Under the CPA, people have the choice of reporting the offender to the NCC, National Consumer Tribunal, Tribunal, or take them on in court.
The Act empowers all of these bodies to issue compliance notices, or fines that could be as much as R1 million for each offence. If firms don't comply with notices from either the commissioner or the tribunal, whoever is in charge faces a year-long stint behind bars.
Not only can people lodge complaints to force companies to sort things out, or replace faulty items, but consumers can lobby together and take companies on in a class action suit, saving mega bucks in what could be a costly exercise.
The Act also led to the rise of specialist law firms that spend a lot of time explaining how companies can make sure they comply.
Despite the rise of a new specialisation, many companies are simply ignoring the law until they are forced to comply. And a hang of a lot don't seem to understand how it works in reality.
The biggest problem with the CPA – and the largest hurdle the NCC faces – will be in interpreting the law. Because it's all encompassing, it's not industry-specific. A lot of companies just don't know how to deal with it.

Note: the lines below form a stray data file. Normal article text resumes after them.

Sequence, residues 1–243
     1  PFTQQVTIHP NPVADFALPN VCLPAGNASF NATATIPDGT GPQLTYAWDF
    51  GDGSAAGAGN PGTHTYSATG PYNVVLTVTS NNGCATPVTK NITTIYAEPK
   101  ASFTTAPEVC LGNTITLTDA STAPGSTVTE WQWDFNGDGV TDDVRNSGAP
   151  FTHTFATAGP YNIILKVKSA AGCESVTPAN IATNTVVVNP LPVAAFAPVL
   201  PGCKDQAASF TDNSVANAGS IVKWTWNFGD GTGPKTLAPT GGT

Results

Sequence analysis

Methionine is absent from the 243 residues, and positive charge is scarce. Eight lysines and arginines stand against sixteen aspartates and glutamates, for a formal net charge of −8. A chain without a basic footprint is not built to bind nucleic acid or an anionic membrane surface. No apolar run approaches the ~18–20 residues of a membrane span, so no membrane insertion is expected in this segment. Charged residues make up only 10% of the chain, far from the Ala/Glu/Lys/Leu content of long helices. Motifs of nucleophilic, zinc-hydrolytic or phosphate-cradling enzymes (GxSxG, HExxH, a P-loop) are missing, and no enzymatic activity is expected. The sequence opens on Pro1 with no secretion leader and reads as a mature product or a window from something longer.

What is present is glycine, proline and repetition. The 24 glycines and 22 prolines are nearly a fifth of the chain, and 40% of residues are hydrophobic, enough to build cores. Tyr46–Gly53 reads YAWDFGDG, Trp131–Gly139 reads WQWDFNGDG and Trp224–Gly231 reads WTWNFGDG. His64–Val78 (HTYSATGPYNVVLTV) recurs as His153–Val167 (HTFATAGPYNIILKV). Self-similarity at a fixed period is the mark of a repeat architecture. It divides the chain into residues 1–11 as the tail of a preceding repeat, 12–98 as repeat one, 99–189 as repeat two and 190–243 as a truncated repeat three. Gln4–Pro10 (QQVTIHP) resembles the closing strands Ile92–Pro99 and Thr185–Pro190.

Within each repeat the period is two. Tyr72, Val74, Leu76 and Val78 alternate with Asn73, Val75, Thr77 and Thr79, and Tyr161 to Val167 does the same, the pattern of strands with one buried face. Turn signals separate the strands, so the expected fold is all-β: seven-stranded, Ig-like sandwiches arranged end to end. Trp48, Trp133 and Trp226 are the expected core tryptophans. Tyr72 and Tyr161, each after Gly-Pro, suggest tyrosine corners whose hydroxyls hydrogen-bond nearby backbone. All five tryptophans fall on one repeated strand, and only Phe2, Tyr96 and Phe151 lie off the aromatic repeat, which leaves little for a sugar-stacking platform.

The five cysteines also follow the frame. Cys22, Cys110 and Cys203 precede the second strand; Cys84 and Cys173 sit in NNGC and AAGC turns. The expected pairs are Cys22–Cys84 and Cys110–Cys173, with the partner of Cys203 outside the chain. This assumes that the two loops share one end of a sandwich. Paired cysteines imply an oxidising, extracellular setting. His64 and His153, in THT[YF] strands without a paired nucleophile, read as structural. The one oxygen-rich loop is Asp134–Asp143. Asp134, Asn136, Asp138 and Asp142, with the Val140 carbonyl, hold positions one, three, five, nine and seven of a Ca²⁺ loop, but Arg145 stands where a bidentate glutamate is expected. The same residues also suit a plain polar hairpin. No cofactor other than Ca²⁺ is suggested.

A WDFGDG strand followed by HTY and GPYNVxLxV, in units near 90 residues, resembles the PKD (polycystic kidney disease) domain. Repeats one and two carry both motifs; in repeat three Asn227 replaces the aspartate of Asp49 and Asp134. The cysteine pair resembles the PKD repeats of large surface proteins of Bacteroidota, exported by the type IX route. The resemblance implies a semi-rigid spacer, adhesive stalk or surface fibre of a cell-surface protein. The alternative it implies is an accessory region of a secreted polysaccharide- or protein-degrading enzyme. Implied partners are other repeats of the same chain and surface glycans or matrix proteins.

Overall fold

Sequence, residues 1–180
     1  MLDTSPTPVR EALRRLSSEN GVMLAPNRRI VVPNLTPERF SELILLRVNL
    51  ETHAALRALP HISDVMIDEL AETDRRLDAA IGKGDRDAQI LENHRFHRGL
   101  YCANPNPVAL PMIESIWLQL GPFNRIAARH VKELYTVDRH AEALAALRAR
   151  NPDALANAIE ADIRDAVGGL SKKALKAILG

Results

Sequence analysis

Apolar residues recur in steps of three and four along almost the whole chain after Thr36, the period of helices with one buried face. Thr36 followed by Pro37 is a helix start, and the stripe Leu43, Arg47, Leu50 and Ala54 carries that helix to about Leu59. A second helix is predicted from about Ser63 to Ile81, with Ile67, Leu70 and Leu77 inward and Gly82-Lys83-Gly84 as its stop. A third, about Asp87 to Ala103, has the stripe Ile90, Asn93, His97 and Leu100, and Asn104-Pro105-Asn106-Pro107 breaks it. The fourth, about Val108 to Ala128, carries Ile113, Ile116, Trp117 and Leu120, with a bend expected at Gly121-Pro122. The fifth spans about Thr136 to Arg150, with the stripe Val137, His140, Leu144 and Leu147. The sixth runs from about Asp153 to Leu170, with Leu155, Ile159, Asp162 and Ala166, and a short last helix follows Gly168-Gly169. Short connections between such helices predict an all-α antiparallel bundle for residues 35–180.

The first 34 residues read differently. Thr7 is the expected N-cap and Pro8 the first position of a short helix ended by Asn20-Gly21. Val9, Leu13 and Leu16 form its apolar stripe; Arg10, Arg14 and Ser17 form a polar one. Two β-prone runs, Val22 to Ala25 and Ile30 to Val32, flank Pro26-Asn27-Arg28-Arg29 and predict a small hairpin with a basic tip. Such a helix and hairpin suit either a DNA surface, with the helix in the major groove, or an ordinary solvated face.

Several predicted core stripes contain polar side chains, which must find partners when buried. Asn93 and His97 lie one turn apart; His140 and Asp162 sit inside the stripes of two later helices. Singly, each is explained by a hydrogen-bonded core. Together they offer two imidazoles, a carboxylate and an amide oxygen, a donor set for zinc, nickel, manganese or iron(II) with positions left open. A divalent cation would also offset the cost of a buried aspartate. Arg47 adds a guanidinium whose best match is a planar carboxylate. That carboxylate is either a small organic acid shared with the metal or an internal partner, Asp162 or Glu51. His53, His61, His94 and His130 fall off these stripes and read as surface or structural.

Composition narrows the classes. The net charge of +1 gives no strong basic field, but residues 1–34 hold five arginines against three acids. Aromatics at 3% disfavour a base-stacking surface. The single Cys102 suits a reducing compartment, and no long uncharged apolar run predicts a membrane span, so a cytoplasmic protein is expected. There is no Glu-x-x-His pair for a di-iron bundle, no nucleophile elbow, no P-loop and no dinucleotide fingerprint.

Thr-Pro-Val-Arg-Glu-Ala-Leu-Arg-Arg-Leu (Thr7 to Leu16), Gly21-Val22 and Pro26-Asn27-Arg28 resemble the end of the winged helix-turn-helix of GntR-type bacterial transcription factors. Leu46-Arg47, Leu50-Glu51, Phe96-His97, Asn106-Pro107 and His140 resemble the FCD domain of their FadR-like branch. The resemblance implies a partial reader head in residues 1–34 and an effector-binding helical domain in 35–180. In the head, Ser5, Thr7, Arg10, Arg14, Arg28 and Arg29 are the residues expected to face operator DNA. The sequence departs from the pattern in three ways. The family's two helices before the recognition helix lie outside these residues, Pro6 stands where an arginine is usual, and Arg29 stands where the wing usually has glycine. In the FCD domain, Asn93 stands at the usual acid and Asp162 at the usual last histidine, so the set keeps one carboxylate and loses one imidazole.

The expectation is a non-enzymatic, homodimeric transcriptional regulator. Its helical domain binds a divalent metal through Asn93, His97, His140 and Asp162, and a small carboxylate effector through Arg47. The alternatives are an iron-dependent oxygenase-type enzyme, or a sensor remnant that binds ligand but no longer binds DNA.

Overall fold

But judging by the low number of complaints it receives, this isn't going to be a problem – just yet.
Surprisingly, the NCC only received about 400 complaints from Johannesburg residents about the billing crisis. This is a small number in comparison with the 65 000 or so residents that had issues with their bills after the city moved to a SAP system.
The Joburg Advocacy Group, on the other hand, gets so many complaints it is simply unable to help residents anymore and has taken to telling them to go straight to the commission, the only body it believes can help.
The commission's request for comment as to whether the Direct Marketing Association of SA (DMASA) should run the national opt-out registry, despite a Twitter outcry along the lines of setting a wolf to watch sheep, garnered only a handful of responses.
Yet, the Act is a much-needed piece of legislation that has the power to change people's lives for the better. Just have a look at how many complaints are submitted to Hellopeter.com on a daily basis – pages and pages.